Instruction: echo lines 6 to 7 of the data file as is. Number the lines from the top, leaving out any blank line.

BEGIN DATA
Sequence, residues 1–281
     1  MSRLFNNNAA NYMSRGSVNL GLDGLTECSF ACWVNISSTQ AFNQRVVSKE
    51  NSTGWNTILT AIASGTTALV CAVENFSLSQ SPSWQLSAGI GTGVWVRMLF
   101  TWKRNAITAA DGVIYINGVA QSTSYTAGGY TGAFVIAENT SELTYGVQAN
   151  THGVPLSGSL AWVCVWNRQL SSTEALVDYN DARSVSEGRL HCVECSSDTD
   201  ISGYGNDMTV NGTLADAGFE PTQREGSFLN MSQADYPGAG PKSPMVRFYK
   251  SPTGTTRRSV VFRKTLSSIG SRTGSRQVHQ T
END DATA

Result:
   201  ISGYGNDMTV NGTLADAGFE PTQREGSFLN MSQADYPGAG PKSPMVRFYK
   251  SPTGTTRRSV VFRKTLSSIG SRTGSRQVHQ T